Fur Seal or Sea Lion?

The Galapagos fur seal and the Galapagos sea lion can be difficult to tell apart. We’ve compiled this list of top tips, with the expert advice from Galapagos sea lion expert, Professor Fritz Trillmich, to help you try and spot the fur seals from the sea lions. We hope this will help you either on your trip to Galapagos, or with identifying your photos when you get back!

The Galapagos fur seal and the Galapagos sea lion are actually quite closely related, and come from the same family: “Otariidae” which means “eared seal”.

  • The Galapagos fur seal belongs to a genus of fur seals called Arctocephalus (or Arctophoca), meaning bear-headed.
  • The Galapagos sea lion belongs to the genus Zalophus which contains 2 extant sea lion species, and previously contained the Japanese sea lion which went extinct in the 1970’s.

So here’s what to look out for if you’re finding it tricky to tell your fur seal from your sea lion:

 1). Size

The overall size of the animal is a great starting place for telling them apart. The Galapagos fur seal is a lot smaller than the Galapagos sea lion. An adult female fur seal weighs 27-33kg, whereas an adult female sea lion weighs between 55-75kg. The sea lion also has a greater body length, especially noticeable from behind the front flippers. This makes the fur seal appear stockier than the sea lion. In both species, the males are approximately twice as big as the females.

2). Pelt

When the animals are out of the water and resting on dry land, their pelt is a good indicator of species. The fur seals have much thicker fur, which consists of a dense underfur and long guard hairs covering it. This fur has an agouti colour when dry, but turns black when wet. As they begin to dry on the shore, they may soon present goldish tinges. In contrast, the sea lion has a much smaller amount of underfur and are darker in colour.

Galapagos fur seal - Vanessa Green

Galapagos fur seal – Vanessa Green

3). Ears and eyes

The facial features are a good distinguishing feature of the Galapagos fur seal. They have larger, more bulbous eyes than the sea lion. Similarly the fur seal’s ears are more pronounced and tend to stick out more than the ears of the sea lion. 

Left: Galapagos sea lions - Just Janza Right: Galapagos fur seal - Roger Bates

Left: Galapagos sea lions – Just Janza     Right: Galapagos fur seal – Roger Bates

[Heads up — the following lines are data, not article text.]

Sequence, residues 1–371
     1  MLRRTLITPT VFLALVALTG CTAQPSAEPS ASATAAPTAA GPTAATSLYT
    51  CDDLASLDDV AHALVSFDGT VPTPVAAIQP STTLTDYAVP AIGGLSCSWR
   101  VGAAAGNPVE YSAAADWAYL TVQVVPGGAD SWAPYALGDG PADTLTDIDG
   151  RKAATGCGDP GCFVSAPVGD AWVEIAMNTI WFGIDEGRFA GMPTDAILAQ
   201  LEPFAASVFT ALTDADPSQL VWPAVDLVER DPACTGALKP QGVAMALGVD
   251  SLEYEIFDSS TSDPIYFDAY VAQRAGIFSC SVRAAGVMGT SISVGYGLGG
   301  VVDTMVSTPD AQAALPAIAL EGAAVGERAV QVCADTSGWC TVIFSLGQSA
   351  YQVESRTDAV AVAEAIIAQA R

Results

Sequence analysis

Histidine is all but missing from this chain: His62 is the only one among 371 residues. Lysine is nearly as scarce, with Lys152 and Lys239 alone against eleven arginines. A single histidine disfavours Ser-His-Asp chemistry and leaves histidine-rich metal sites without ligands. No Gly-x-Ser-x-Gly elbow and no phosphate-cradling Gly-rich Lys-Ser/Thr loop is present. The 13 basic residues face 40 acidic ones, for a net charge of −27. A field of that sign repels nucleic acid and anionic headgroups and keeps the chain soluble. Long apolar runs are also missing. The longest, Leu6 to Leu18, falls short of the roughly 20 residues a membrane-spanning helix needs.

4). Movement

Another way to tell the two species apart is by their movements, however this is a less useful method when identifying from photographs. When resting in the water, fur seals often adopt a head-down position with their hind flippers on the surface to allow them to watch for predators as they rest. However, both species have been known to rest floating on their sides as well. When observed on the shore, fur seals are usually found on rocky shores, where they climb and hop about. Sea lions, however, prefer to move on smooth surfaces. Their head and neck moves conspicuously from side to side as they go.

Left: sea lions on the beach - Fuller Right: fur seals on lava rocks

Left: sea lions on the beach – Fuller    Right: fur seals on lava rocks – Derek Haslam

5). Identifying a pup

This age class presents the greatest difficulties in distinguishing the species’. Both are born almost black in colour and become lighter with age. The best way to tell the pups apart is by using the eyes and ears, which show the same differences as the adults with the fur seal’s ears sticking our more, and their eyes much larger.

Galapagos sea lion - David Nelson

Galapagos sea lion – David Nelson

6). Distribution

Galapagos sea lions can be seen everywhere within the Archipelago, whereas fur seals are most likely to be seen by tourists around Isabela and Fernandina islands. The male fur seals are more vagrant than the females and can regularly be seen on Santiago and Bartholome islands, as well as on the southern parts of Floreana.


 

Thank you to Professor Fritz Trillmich for providing the identification tips for this blog piece. Professor Trillmich is a behavioural ecology expert from the University of Bielefeld in Germany, specialising in the pinnipeds of Galapagos.